Complete Downpayment Guide For First-time Homebuyers in Los Angeles

If you’re a first-time homebuyer in Southern California and you’re not sure where to start, you’ve come to the right place.  In this article, I will be discussing down payments. A down payment is one of the three things that a lender considers when you apply for a home loan, along with credit and income.

What is a Down Payment?

In the most basic terms, a down payment refers to your own liquid money that you bring to the transaction when you buy a home. When you purchase a home, there are two parts to the purchase: your own money that you bring as a down payment and the loan that you borrow from a bank. For example, if you’re buying a home for $500,000 and you bring $50,000 of your own money as a down payment, the remaining $450,000 will be borrowed from a bank in the form of a home loan.

Requirements for Down Payments

The amount of your down payment will depend on the loan program you’re using and your particular situation. Here’s a breakdown of the requirements:

  • If you’re a veteran with access to VA loans, you can buy with 0% down.
  • First-time homebuyers can use a conventional 3% down payment or an FHA loan, which requires a 3.5% down payment.
  • Repeat buyers who plan to live in the home they’re buying can qualify for a 5% to 10% conventional loan.
  • Repeat buyers who are not planning to live in the home, such as investors, may need to make a 20% to 25% down payment or possibly higher depending on their situation.

Where Do Down Payments Come From?

Down payments can come from various sources, including:

  1. Checking or savings accounts: You can use your own liquid cash for the down payment.
  2. Retirement accounts: Some people choose to use funds from their 401k for their down payment.
  3. Gifts from family: If you’re buying with a co-borrower or a group, you can receive gifts from family members to help with the down payment.
  4. Home equity line of credit or cash-out refinance: Repeat buyers who don’t want to sell their current home may choose to use a home equity line of credit or cash-out refinance to access funds for their down payment.

Pros and Cons of Large Down Payments

Large down payments and small down payments each have their pros and cons. Let’s start with the benefits of a larger down payment:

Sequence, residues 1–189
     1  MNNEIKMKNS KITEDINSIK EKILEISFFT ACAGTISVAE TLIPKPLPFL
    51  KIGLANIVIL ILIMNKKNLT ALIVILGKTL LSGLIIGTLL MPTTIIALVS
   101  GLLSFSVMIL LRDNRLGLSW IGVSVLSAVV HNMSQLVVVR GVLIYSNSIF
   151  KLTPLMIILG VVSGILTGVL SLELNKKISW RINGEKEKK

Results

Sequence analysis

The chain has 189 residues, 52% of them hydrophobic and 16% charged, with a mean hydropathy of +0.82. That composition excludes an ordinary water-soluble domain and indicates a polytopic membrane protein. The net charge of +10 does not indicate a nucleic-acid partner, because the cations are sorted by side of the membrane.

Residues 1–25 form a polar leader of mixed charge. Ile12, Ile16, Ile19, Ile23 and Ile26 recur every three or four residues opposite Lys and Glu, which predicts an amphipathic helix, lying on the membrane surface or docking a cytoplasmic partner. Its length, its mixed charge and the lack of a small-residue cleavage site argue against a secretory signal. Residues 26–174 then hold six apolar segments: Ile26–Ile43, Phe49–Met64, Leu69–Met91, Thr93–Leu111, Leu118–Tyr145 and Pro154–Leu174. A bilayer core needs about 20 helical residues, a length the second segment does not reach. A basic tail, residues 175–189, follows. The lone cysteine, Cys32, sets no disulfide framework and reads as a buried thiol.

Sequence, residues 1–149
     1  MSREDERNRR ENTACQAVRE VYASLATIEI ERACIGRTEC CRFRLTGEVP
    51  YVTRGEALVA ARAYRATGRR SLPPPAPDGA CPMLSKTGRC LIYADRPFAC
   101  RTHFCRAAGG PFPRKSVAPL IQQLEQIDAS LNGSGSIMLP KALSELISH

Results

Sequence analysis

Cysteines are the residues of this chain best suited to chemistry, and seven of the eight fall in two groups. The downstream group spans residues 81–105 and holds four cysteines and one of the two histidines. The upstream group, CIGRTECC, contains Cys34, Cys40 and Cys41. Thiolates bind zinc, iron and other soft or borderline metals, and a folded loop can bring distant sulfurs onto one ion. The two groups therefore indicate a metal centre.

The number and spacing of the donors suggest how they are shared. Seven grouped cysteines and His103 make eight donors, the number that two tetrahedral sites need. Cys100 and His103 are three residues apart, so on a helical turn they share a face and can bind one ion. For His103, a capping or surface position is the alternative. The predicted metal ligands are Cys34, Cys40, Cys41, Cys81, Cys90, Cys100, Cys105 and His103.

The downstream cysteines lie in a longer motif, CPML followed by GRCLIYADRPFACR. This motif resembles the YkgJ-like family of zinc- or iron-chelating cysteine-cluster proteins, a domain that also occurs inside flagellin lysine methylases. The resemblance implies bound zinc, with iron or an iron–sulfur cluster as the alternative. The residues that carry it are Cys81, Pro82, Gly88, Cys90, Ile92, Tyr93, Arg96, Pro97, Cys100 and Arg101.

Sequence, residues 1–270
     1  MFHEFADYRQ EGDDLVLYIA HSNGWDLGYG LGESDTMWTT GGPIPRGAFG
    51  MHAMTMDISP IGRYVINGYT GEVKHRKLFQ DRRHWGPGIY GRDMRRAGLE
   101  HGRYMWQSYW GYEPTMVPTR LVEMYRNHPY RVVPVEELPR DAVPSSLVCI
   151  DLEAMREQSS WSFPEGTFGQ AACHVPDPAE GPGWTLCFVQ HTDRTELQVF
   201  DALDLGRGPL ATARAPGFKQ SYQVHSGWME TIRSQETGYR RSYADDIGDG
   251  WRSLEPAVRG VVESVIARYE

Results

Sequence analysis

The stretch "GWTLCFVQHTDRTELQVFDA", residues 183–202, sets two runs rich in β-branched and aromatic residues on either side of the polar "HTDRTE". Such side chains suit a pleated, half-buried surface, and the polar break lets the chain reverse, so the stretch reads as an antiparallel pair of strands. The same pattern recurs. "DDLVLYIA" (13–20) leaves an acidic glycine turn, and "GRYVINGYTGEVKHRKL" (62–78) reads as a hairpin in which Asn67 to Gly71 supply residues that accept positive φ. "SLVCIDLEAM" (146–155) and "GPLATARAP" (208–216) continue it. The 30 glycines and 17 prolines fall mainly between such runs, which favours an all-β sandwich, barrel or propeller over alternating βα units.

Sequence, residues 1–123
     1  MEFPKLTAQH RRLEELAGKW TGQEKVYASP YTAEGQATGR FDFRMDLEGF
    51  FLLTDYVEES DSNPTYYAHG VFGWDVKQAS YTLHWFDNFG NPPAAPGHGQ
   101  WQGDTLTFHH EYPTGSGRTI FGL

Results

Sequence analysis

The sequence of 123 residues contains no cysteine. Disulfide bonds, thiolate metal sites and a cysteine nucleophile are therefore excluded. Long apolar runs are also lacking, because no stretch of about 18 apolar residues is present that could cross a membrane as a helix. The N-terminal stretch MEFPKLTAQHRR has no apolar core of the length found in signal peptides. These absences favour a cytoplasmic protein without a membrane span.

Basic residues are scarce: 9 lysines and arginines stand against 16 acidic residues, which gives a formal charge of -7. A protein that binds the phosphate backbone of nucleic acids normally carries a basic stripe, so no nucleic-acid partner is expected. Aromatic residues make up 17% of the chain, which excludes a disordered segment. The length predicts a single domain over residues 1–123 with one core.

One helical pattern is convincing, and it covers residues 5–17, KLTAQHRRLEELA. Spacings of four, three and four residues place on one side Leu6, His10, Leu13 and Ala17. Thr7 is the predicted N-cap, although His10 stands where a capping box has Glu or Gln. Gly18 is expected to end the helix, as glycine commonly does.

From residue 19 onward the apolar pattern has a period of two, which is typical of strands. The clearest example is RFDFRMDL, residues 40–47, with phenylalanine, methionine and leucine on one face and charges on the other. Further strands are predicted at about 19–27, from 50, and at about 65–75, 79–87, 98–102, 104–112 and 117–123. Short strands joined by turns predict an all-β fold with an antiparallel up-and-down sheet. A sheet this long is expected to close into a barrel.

1. Avoid mortgage insurance: With a 20% down payment, you can avoid paying mortgage insurance.
  2. Lower monthly payment: A larger down payment means you’re borrowing less money, resulting in a lower monthly payment.

However, there are drawbacks to consider:

  1. Difficulty in saving: Saving 20% for a down payment, especially in Southern California where home prices are high, can be challenging.
  2. Delay in entering the market: Waiting to save a large down payment means potentially missing out on rising home prices.

Pros and Cons of Small Down Payments

On the other hand, small down payments also have their advantages and disadvantages:

  1. Opportunity to enter the market sooner: With a smaller down payment, you can get into the housing market sooner.
  2. Mortgage insurance and higher monthly payment: However, small down payments typically require mortgage insurance and result in higher monthly payments. Mortgage insurance can eventually be removed for conventional loans once the home has 20% equity.

Down Payment Assistance Programs

If you’re concerned about saving for a down payment, there are down payment assistance programs available in LA County and Southern California. To learn about $150,000 Down Payment Assistance being offering in April 2024 in California, watch below video



Frequently Asked Questions

Here are some frequently asked questions about down payments:

  1. Can I use a credit card for my down payment? No, your down payment must be liquid money from your own funds, such as checking or savings accounts, retirement accounts, or gifts from family.
  2. Do I need a larger down payment to have my offer accepted? No, a larger down payment does not guarantee that your offer will be accepted. Veterans and buyers using FHA loans with small or no down payments have had their offers accepted.
  3. Is the down payment on top of the purchase price? No, the down payment is part of the purchase price. It is the amount of your own money that you bring to the transaction.


Now that you have a better understanding of down payments, you can make informed decisions when it comes to buying a home in Southern California. Remember, the amount of your down payment will depend on the loan program you’re using and your specific situation. Consider the pros and cons of both large and small down payments, and explore down payment assistance programs if needed.

If you have any specific questions or want personalized advice, don’t hesitate to book a free consultation with me below 👇🏽👇🏽

Book time with me: here

Watch “Credit Requirements For First Time Buyers in SoCal: here

Sorry, but we couldn't find any results in the MLS that match the specified search criteria.

About the Author